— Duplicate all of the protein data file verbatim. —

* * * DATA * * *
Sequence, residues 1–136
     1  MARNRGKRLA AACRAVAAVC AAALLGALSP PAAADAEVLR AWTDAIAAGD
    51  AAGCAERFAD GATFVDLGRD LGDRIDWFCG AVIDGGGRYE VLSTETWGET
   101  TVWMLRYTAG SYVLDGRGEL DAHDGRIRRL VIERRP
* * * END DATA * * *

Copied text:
Sequence, residues 1–136
     1  MARNRGKRLA AACRAVAAVC AAALLGALSP PAAADAEVLR AWTDAIAAGD
    51  AAGCAERFAD GATFVDLGRD LGDRIDWFCG AVIDGGGRYE VLSTETWGET
   101  TVWMLRYTAG SYVLDGRGEL DAHDGRIRRL VIERRP